Tag Archives: drug use

Should You Talk to Someone About a Drug, Alcohol, or Mental Health Problem?

Many people struggle with both substance use and a mental disorder. These questions can help you decide whether you need help with substance use, a mental health issue, or both. For people who suffer from both, receiving treatment for both is important for getting better. Recovery starts with understanding that you may have one or both of these problems.

  • Over  the past two weeks, have you felt down, depressed, or hopeless?
  • Over the past two weeks, have you felt little interest or pleasure in doing things?
  • In the past year, have you had significant problems with insomnia, bad dreams, or falling asleep during the day?
  • In the past year, have you thought about ending your life or had thoughts of suicide?

-If you have had thoughts of suicide, please call 1-800-SUICIDE. 

  • In the past year, did you have a hard time paying attention at school, work, or home?
  • Have you ever felt you should cut down on your alcohol or drug use?
  • Have people annoyed you by criticizing your drinking or drug use?
  • Have you ever felt bad or guilty about drinking or drug use?
  • Have you ever taken a drink or drug first thing in the morning to steady your nerves or get rid of a hangover?

-In the past, have you ever:

  • (for men) Had 5 or more drinks in a day?
  • (for women or anyone over age 65) had 4 or more drinks in a day?
  • used recreational or prescription drugs to get high?

Unless you answered “never” to all of the above questions, talk to your doctor, nurse, or counselor about the details. They can help you decide what do to next. They may also help you find more information and resources.

For more information on treatment for co-occurring mental and substance use disorders, call Apex Behavioral Health to set up treatment. You can also go to www.samhsa.gov/treatment.

New Studies Show Suicide Attempts Constitute a Significant Portion of Drug Related Hospital ER Visits

A new series of studies that analyzed drug-related hospital emergency room visits throughout the country in 2008 revealed that a substantial percentage of these visits involved suicide attempts. According to these studies conducted by SAMHSA, more than 1 in every 12 (8.8%) drug-related hospital emergency department visit by an adolescent is a suicide attempt. This is double the rate found among cases involving those aged 25 and older (4.4%). The attempted suicide rate among adults aged 18 to 25 was 6.6%.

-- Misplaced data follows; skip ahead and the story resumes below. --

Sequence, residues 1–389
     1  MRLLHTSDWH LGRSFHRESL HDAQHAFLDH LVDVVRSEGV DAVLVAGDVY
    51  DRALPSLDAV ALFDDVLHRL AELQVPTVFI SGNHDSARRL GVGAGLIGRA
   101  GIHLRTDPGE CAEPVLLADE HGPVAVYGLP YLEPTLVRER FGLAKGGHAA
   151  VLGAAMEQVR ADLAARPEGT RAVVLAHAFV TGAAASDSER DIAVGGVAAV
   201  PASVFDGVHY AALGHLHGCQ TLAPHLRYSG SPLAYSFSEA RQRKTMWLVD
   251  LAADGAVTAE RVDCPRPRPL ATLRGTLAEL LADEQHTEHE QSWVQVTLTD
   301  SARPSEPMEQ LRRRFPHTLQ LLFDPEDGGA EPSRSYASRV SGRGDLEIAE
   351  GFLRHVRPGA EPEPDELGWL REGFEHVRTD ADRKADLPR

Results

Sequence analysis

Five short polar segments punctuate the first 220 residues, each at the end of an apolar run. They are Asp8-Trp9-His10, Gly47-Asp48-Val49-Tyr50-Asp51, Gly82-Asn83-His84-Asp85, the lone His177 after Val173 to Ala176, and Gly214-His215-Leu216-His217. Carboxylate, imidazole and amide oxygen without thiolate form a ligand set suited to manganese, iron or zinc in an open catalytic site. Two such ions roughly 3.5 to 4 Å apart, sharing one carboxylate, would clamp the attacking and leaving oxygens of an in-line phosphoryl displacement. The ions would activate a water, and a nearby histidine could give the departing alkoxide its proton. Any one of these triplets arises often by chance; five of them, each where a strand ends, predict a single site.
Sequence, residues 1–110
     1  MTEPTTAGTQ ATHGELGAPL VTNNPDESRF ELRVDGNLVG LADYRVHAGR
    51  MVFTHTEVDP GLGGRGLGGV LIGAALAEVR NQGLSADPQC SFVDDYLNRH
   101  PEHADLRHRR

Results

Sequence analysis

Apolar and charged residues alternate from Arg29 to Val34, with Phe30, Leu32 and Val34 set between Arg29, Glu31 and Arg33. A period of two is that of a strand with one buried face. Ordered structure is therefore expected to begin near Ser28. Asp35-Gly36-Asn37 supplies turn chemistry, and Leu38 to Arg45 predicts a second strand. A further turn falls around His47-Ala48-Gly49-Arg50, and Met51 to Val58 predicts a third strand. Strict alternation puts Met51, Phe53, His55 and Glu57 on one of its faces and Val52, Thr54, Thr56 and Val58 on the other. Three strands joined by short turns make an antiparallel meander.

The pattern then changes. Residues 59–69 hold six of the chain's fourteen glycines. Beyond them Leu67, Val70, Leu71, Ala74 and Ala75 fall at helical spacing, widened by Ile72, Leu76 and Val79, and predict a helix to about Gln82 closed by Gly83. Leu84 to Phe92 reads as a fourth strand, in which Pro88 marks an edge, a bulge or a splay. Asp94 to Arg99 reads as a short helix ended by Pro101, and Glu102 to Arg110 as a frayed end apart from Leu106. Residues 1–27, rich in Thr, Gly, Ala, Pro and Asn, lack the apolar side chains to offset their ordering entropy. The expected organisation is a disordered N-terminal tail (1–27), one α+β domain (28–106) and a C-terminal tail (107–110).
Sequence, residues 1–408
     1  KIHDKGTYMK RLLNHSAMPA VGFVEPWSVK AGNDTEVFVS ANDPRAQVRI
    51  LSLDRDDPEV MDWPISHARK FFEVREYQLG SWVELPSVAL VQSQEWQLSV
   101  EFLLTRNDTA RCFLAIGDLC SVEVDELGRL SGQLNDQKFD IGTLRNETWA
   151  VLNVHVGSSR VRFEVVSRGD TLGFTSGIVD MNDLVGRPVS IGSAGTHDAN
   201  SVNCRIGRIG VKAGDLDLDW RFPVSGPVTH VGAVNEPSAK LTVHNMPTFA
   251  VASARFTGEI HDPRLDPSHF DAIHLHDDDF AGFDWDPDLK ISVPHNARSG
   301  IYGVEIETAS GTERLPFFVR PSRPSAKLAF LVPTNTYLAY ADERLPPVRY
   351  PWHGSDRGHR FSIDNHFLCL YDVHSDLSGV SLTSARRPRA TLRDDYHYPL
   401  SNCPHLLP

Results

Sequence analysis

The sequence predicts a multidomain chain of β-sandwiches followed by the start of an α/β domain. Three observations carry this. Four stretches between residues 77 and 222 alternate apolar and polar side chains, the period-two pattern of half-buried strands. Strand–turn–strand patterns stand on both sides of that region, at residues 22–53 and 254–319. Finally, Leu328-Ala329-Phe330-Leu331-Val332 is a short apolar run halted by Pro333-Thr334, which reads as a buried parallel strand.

The vast majority of the suicide attempts by adolescents were made by females (72%). Females made up the majority of cases among young adults aged 18-25, and over 25, but at a decreated rate of 57%.  

Pharmaceutical drugs were involved in more than 9 out of 10 of the drug-related suicide attempt cases. However, there were differences in the patterns of substances used among the various age and gender groups.

Acetaminophen products (Tylenol) were the most commonly used substances involved in emergency room visits by female adolescents attempting sucide (28%), while anti-anxiety drugs were the most commonly used substances in cases involving females aged 25 or older (49%).

Adolescent males admitted for drug-related suicides were more than three times as likely to have used antipsychotic drugs as females were (14% vs 4%).

The studies also revealed differences in the level of follow-up care (inpatient admission, referral to detoxification, or transfer to another hospital facility). These types of differences are often associated with the type of substance used and the age of those attempting suicide.

While over 90% of adolescents admitted for attempting suicide with antidepressants received follow-up care, only 52% of adolescents involving cases with ibuprofen received it.

83% of the cases involving adolescents using alcohol received follow-up care, while only 59% of alcohol related cases among those aged 25 or older received it.

In 2007, suicides in the United States accounted for 34,598 deaths; almost twice the number of homicides at 18,361. To help address this problem, SAMHSA sponsors the National Suicide Prevention Lifeline at 1-800-273-TALK. This is a network of crisis call centers located throughout the nation that can immediately link a caller seeking help to a trained counselor located closest to the caller. The lifeline is open 24 hours a day, seven days a week, and are confidential.

“The sheer numbers of young people that continue to end up in costly hospital emergency rooms as a result of substance abuse and suicide is truly alarming and is a clear signal that we must continue to evaluate the impact of behavioral health on health and health care costs,” said SAMHSA Administrator Pamela S. Hyde, J.D. “The studies also point out the need to provide better follow up services after visits to emergency departments and other healthcare settings in working with people who have attempted suicide.”